Phanee's Reviews > Never Let Me Go

Never Let Me Go by Kazuo Ishiguro
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Nov 02, 11

bookshelves: owned, read-in-2011
Read from September 07 to 09, 2011 — I own a copy

Rating: 8/10

When I bought this book, I had never heard of Kazuo Ishiguro. It just happened that one day, when I went to my local bookshop, they had just brought some new books in and this one was one of them. I read the description on the back cover, decided to buy it and when I got home put it away on my bookshelf. It stayed up there for quite some time (except for that one time when I decided to give it a try, opened the book up, saw the tiny font and decided to leave it) and the main reason I decided to finally read it was because my brother read it while we were on holiday in England and actually enjoyed it very much (and read it much faster than he thought he would).

Never Let Me Go tells the story of three people whose lives are closely interconnected: Kathy, Ruth and Tommy. As children, all three were students at an exclusive boarding school called Hailsham, a place of certain notoriety and mysterious rules, where every student is encouraged to be creative and is constantly reminded of how special he/she is. Told from Kathy's viewpoint, we get to experience everyone - and especially Ruth and Tommy - through her own eyes. All the story is a narration, with Kathy telling her story in chronological order - starting with their being students at Hailsham and ending with her being where she is at the moment.

The whole world described in this book is rather surreal. And what makes it even more surreal is the way in which it is described by Kathy. Her tone - as well as that can be inferred from the story - is just normal; as if she's just recounting something acceptable and non-condemnable. The story doesn't start out as very engaging. It's just a narration of sorts, referring to the three characters' childhood years. And then, you start to notice that word popping up, too often for it to be insignificant. "Donor". You start to wonder if what you are thinking could possible be the case and if so, then what kind of a sick book is this. And you read on and on, wanting to make sure that you have understood correctly.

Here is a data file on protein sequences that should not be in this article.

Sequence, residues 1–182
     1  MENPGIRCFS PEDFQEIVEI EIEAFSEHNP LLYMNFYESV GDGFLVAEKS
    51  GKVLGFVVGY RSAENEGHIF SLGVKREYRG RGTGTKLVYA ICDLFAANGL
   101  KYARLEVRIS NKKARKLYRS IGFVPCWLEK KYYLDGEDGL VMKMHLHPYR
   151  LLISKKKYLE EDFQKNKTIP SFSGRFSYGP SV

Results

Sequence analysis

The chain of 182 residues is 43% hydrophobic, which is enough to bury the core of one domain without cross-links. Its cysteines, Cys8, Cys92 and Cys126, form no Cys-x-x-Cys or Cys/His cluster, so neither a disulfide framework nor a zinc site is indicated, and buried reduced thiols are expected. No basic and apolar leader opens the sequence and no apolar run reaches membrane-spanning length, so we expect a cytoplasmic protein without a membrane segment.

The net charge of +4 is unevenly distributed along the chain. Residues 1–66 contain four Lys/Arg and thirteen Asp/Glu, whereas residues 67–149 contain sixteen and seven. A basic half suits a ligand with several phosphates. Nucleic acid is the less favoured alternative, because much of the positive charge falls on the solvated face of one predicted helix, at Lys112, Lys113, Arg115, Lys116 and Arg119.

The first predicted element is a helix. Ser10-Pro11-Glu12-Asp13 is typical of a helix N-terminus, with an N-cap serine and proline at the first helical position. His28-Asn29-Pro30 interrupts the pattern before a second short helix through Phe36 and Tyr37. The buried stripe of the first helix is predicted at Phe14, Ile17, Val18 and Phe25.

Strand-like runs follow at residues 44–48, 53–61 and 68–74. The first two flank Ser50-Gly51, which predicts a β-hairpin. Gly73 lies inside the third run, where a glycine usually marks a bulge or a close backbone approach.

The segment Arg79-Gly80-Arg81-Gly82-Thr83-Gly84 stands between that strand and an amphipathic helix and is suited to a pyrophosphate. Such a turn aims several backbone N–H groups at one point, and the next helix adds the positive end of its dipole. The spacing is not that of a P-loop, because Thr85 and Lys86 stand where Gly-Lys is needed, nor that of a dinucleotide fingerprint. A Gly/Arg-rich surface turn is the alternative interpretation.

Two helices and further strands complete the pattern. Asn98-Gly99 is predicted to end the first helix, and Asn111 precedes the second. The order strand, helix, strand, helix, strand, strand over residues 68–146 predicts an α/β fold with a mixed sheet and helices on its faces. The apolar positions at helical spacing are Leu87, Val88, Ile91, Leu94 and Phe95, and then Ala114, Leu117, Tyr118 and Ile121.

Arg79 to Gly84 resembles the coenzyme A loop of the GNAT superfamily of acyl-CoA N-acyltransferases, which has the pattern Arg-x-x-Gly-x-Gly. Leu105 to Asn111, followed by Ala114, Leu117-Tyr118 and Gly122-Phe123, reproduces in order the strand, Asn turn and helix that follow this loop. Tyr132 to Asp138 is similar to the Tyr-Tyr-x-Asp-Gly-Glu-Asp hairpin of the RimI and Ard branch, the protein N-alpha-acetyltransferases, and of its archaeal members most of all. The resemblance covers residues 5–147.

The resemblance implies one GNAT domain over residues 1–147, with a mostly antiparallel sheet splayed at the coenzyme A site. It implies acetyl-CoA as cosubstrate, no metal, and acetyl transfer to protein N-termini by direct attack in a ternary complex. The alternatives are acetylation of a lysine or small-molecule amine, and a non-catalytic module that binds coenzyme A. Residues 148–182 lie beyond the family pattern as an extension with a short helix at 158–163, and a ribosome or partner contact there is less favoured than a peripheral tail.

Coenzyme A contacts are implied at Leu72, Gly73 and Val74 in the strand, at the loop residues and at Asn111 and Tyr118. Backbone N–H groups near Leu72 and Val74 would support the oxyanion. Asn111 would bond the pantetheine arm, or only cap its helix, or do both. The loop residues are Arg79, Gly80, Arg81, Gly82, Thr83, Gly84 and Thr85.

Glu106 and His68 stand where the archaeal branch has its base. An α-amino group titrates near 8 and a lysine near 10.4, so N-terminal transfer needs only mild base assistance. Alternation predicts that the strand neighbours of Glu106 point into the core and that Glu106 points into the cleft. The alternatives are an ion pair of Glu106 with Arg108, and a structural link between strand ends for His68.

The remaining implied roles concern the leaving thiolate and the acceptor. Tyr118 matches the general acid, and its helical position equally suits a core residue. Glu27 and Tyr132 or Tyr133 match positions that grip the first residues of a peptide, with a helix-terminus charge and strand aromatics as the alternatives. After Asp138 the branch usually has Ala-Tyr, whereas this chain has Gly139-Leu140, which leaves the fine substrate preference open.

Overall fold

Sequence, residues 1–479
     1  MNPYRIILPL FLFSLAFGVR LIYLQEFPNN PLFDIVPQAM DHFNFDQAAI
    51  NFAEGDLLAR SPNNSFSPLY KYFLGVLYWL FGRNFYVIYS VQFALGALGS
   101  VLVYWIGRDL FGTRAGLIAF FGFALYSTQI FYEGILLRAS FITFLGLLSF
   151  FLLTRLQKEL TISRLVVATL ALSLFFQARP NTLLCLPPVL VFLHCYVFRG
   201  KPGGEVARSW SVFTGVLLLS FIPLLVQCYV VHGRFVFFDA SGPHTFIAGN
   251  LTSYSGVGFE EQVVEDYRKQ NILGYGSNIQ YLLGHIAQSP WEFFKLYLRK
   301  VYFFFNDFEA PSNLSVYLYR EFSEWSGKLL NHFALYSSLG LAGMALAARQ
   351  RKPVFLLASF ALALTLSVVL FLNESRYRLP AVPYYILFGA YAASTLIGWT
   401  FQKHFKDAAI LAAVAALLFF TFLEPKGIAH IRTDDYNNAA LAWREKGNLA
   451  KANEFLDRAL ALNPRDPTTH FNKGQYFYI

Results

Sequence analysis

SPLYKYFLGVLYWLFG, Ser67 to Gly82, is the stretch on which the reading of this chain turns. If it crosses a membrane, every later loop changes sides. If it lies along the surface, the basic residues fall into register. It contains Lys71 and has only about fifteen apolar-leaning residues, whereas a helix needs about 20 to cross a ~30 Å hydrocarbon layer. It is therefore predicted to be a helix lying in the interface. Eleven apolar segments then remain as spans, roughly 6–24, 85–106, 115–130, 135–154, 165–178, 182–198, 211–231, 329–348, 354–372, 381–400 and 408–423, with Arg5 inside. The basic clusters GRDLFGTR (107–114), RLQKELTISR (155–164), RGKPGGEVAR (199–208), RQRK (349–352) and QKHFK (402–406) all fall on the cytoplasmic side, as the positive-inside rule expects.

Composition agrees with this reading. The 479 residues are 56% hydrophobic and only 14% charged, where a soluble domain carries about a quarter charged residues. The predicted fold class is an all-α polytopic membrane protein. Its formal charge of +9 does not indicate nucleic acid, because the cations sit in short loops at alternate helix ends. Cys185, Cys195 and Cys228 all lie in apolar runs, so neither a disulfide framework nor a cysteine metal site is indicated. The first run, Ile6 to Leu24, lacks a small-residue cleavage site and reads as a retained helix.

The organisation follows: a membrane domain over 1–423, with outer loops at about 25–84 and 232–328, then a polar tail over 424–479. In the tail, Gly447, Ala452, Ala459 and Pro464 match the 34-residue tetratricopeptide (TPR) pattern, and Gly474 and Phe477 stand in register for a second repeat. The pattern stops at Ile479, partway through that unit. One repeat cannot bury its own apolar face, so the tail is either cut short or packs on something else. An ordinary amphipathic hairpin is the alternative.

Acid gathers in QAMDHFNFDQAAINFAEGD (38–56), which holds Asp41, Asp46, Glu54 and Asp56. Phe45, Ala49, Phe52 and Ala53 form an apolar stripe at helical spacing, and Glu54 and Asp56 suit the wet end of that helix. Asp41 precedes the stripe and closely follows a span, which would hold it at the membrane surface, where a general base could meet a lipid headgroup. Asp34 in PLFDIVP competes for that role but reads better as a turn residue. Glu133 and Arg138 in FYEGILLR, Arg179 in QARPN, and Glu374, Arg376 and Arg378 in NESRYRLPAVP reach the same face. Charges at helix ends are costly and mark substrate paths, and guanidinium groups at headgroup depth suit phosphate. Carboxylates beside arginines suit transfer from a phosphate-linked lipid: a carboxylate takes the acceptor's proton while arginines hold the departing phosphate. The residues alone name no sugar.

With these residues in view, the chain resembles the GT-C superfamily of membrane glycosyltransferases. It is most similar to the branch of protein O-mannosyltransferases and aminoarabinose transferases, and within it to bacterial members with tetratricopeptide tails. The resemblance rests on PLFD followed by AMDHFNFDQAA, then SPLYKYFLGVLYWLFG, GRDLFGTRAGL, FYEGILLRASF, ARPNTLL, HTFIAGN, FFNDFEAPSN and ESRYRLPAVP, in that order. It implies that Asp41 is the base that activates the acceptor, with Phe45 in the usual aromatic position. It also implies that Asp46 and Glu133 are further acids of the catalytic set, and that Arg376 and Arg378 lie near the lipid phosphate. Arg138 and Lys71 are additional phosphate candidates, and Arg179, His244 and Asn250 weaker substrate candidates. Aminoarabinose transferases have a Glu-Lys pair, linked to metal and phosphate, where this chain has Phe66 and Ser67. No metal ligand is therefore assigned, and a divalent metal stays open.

Never in the book is exactly what happens and what everything means mentioned in a straightforward way. The author kind-of beats around the bush and lets your mind do the talking and the figuring out, which was one of the things I loved the most about this book. Another thing I loved were the characters. Even though I wasn't a big fan of Ruth and the way she behaved towards everyone else (and especially Kathy), all characters were excellently developed and with great depth.

All in all, if you have not read Never Let Me Go, I urge you to do so. Even if it looks like too much of a heavy read, I assure you it's not. And I don't think you will regret giving it a try.

Originally posted on funny wool.
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Reading Progress

09/09/2011 page 144
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Comments (showing 1-2 of 2) (2 new)

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Courini how are you liking this one? My yiayia has it, I think!


Phanee Korina, einai para poly kalogrammeno! Einai arketa argi san istoria, alla einai toso efkolo na to diavaseis! I ekdosi pou exw einai arketa pyknotypwmeni k to eixa parei apo fovo arxika (oti tha mou parei poly xrono na to diavasw), alla kamia sxesi!
Na to diavaseis! To synistw anepifylakta! (Sta agglika fysika! Dn kserw pws einai i elliniki metafrasi, an k synithws dn einai poly kales)


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